One Pocket Tournament

  1. International One Pocket Tournament Rules
  • Double Elimination Bracket:  Players compete in a double-elimination format until only 8 players remain, granting a second chance after losing the first match.
  • Single Elimination Playoffs: Following the double-elimination stage, the remaining players compete in a single-elimination bracket, and one loss eliminates them from the tournament.
  • Race to 3: All matches, including the finals, are raced to 3 games. The first player to win 3 games claims victory.
  • Lagging: Players “lag” the cue ball before each rack to determine who breaks; no coin flips.
  • Racking and Inspection: Players rack their balls, and opponents can inspect the rack before the break.
  • Cue Ball Fouls Only: Only fouls committed with the cue ball incur penalties; object ball fouls are not penalized.
  • Intentional Fouls: Players must use a legal stroke to commit a deliberate foul. Otherwise, the referee may penalize them for unsportsmanlike conduct.
  • Negative Scores: Players cannot have negative scores; an opposing scorer adjusts to zero after a foul, not below.
  • Immediate Loss: Reaching a score of -5 or lower causes the players an instant loss.
  1. Famous One Pocket Tournaments
  • US Open One-Pocket Championship by the American Poolplayers Association (APA).
  • European Onepocket.org Tournament by the Onepocket.org.

Filipino player Efren "Bata" Reyes holds wide acclaim as one of the greatest one-pocket players in the world.

Filipino player Efren “Bata” Reyes holds wide acclaim as one of the greatest one-pocket players in the world.

Bank Pool (Bank Shot) Tournament

  1. International Bank Pool Tournament Rules
  • Call the Shots: Announce ball, pocket, and cue ball path before each shot. Obvious shots don’t need calling.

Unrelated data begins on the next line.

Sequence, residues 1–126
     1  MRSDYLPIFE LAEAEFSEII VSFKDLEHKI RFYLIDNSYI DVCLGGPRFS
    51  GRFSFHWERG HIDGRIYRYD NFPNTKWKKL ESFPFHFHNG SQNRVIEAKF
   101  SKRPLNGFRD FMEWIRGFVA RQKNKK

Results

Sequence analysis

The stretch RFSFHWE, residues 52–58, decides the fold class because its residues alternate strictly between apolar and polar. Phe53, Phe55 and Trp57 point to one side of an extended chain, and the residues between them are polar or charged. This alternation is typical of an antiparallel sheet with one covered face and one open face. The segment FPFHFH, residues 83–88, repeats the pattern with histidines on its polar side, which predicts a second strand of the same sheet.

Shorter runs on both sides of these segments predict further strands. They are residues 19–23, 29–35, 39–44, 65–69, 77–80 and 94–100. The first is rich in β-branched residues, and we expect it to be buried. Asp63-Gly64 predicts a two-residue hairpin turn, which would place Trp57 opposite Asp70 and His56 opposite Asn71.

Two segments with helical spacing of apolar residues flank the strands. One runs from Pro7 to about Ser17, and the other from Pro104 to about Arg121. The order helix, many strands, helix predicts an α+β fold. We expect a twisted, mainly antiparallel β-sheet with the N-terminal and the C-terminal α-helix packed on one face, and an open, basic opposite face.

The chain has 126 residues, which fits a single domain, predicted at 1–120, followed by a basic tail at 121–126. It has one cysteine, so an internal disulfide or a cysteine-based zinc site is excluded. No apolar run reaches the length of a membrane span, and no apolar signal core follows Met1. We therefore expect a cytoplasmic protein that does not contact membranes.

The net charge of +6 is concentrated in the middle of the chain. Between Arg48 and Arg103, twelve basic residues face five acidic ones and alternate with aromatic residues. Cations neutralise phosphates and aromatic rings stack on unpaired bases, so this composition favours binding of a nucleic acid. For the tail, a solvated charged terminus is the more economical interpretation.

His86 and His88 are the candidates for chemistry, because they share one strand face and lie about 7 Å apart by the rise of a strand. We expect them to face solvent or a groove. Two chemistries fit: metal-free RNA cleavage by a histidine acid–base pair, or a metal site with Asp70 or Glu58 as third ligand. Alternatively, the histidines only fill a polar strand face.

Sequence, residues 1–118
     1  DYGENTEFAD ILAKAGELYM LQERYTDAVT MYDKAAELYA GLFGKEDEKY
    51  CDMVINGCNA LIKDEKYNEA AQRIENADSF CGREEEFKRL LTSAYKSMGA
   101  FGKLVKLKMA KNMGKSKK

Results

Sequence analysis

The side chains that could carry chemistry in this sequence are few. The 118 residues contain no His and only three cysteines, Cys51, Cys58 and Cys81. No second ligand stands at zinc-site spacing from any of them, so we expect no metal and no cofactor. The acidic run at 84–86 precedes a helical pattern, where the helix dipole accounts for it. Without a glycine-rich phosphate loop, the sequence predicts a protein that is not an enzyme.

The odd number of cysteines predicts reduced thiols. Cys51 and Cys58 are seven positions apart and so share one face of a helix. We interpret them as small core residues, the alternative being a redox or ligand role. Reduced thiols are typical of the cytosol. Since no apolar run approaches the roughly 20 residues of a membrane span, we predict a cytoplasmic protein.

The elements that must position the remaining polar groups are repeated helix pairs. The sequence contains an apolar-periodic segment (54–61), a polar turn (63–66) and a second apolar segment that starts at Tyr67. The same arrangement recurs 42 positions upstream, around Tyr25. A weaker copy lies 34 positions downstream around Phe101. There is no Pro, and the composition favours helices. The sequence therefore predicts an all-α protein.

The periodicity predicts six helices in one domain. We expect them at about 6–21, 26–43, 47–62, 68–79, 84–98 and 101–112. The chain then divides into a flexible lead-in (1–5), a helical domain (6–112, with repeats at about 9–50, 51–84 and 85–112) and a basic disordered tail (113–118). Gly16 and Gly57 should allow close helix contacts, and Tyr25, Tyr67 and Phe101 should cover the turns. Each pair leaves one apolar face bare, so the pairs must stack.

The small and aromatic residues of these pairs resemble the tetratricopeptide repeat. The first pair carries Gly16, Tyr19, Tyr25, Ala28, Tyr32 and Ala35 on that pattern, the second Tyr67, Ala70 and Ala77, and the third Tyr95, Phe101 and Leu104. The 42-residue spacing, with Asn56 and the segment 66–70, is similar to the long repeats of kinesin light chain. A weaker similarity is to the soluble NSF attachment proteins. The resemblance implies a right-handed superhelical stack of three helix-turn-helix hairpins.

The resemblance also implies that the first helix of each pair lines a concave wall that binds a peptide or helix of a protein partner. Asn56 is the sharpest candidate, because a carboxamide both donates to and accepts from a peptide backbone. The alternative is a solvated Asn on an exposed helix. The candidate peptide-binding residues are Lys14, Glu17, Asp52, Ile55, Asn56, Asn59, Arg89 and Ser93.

• Scoring: 1 point per legal pocket. Extra pocketed balls get re-spotted later.
  • Legal Bank Shots: Cue ball must strike the object ball first, then a clean pocket with no other balls touched. No rail-first shots or caroms allowed.
  • Break Shot: At least 1 ball crosses the table’s center (9-ball), or 2 object balls hit a rail (full rack) for a legal break. Pocketed balls on the break don’t count, but let the player continue shooting.
  • Fouls: Cue ball pocketed, no balls pocketed/touch a rail after hitting the first object ball—Minus points for fouls. Legally pocketed balls on fouls get re-spotted.
  • Object Ball Off Table: Not a foul; the ball is re-spotted.
  • Re-Spotting: Incorrectly or illegally pocketed balls are placed on the foot spot or a line below it.
  1. Famous Bank Pool Tournaments
  • US Open Bank Pool Championship by the American Poolplayers Association (APA).
  • Annual Bank Pool Tournament by the Derby City Classic.

American player Billy Thorpe won the 2023 US Open Bank Pool Championship.

American player Billy Thorpe won the 2023 US Open Bank Pool Championship.

Process of Organizing a Professional Pool Tournament

Organizing a professional pool tournament demands careful planning and execution. Here’s a breakdown of the essential steps:

Step 1: Defining The Tournament Vision

Decide on the type of competition—is it single-elimination or double-elimination? Choose a game variation, like classic Eight-ball, fast-paced Nine-ball, or demanding Straight Pool. Develop game rules per global pool standards, ensuring all players understand them before joining.

Identifying the target audience is crucial—is it seasoned professionals, enthusiastic amateurs, or regional players? Tailor the tournament format, entry fees, and prize pool to attract the right players and create an appealing event.

Step 2: Securing Funding And Sponsorship

Begin by crafting a comprehensive budget covering all anticipated expenses, including venue rental, equipment, staff wages, and marketing. Then, explore potential revenue streams such as participation fees, sponsorships, and concessions.

Contact local businesses, equipment manufacturers, and billiards organizations to explore sponsorship opportunities. In return, offer them valuable marketing benefits, such as logo placement on tournament materials or product showcasing during the event.